I now also started to take Luganda lessons (the local language here). Just for fun, to get to know some basics. With the kids I’m practicing words and they like to teach me. A girl who has been a volunteer at Home Sweet Home two years ago and came back for another internship in Uganda, goes to the lessons with me. I’m learning handy things like:

“tonseera” =don’t overcharge me. So if I take a Bodaboda (the motortaxi) I can tell them that because from white people they always ask higher prices ;)

The last two weekends we stayed at Home Sweet Home and went to the church with the whole family (yes I’m going to church here pretty often but it’s not the same like in Germany.. They have a sort life band and sing a lot and we meet many people we already know. The kids are always excited to go and like us to come with them. So we pack up and take the car which is meant for 8 people, but we fit in there with 17!). After church we rented bikes and made a tour with our friend John. We went to the place at the Nile where the Bujagali Falls had been before the dam was built two years ago. We ended up in a little bar with a cold drink and a nice view. Two big fish eagles completed the picture.

The day before we took all of our kids to a soccer field. But when we arrived, around 100 other children from around here where already there. Ralph and I (the whites) immediately were surrounded by all of them and couldn’t move an inch. Maria, who was holing my hand was confused and didn’t want to share my hands with the others who all tried to touch me. Some think we paint our skin white.. We also had a boy with us sitting in a wheelchair. When the children saw that they ran to look at him because it is something you don’t see here a lot. It took a while until the children left us alone again. Frustrating was that I couldn’t really do anything because many children don’t understand or speak English and just come closer and closer to touch the white person.. it was an awkward situation.  

On Saturday we’ll go to Kampala again to meet a friend who will show us some more places around the city. At night we’ll pick Dana, Ralph’s girlfriend up from the airport and spend the night in Entebbe. I’m really excited about next week, why I will tell in my next blog.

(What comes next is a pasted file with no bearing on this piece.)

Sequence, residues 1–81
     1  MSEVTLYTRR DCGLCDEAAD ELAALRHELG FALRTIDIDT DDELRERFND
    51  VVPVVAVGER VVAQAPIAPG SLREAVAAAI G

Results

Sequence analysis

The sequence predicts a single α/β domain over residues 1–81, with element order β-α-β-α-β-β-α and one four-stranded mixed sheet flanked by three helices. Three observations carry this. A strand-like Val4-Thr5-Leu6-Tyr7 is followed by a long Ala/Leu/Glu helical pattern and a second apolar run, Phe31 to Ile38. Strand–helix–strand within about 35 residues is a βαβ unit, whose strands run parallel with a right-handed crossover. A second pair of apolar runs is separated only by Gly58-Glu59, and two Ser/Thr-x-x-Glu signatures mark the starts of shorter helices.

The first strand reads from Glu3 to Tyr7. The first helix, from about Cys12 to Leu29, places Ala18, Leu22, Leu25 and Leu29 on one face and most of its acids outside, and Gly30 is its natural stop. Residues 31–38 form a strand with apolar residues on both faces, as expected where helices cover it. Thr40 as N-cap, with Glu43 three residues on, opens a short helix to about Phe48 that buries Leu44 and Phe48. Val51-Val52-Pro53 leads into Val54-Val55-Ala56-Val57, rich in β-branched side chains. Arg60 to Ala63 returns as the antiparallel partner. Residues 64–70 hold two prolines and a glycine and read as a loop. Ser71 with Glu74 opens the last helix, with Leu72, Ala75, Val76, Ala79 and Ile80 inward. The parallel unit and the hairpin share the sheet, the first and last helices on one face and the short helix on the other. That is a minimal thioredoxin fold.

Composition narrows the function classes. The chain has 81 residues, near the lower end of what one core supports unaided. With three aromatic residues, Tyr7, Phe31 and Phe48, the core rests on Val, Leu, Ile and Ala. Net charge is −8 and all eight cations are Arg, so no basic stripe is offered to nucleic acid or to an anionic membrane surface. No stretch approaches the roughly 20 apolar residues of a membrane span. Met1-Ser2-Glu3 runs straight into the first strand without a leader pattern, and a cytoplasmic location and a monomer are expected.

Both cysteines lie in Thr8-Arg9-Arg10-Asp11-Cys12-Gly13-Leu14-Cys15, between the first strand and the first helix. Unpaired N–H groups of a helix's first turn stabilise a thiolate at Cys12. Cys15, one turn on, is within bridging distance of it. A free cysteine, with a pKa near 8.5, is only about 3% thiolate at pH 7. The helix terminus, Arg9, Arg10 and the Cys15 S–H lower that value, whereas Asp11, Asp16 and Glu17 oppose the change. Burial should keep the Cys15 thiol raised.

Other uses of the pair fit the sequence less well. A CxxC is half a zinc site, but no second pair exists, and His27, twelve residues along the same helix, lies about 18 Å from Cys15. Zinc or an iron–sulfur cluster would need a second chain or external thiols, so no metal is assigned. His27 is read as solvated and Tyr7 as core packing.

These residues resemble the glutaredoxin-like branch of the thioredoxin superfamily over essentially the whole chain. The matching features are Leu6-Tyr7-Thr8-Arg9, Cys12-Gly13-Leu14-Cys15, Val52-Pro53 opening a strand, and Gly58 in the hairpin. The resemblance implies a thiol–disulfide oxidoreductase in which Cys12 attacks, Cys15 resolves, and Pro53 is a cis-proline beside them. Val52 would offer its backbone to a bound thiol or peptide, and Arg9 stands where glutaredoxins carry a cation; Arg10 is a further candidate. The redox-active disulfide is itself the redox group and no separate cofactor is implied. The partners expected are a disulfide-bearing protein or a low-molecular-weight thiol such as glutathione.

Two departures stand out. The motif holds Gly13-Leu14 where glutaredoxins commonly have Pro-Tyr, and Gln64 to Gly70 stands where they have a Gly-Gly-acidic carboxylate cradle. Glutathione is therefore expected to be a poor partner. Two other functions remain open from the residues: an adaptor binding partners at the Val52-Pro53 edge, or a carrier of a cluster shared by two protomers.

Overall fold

Take care everyone,




Some big hair…

Dienstag, 09.04.2013


….I got my hair braided and look like a hippie now haha. Before I came to Africa I said I wanted to try something totally different with my hair, like cut it really short. When I got to Uganda I discovered that most women here have fake hair. They get it braid with fake hair, get it sowed on to there head (sowed in there real hair) or wear wigs. I didn’t expect them to pay much money for such things because I would think they need it for other things, but beauty obviously plays a big role in all countries...…So I decided to get some braided long brown hair. 6, 5 hours later it was finished. Finally I could stand up after sitting on the floor the whole day.


We had two busy weeks working and studying with the kids, besides physiotherapy we also spend some time with two girls from the orphanage to study for school. Maria is my student. She is 4, but here with this age you already have to know a lot, otherwise you get beaten from the teachers. Maria is a very cute energetic girl, who sometimes can listen and learn well, but often is distracted and just messing around. We are working on writing her name, learning the alphabet and the numbers. It can be very exhausting but also a lot of fun when I see the progress she’s making. She loves our time together a lot. Then she gets all of my attention and after successfully having studied I take here on an airplane ride on my feet. What she and some other children like also is when I do the song “Hoppe hoppe Reiter” with them. Maria can’t get enough of it and can sing the whole song already (her German only sounds a little funny because she has no idea what she’s singing ;).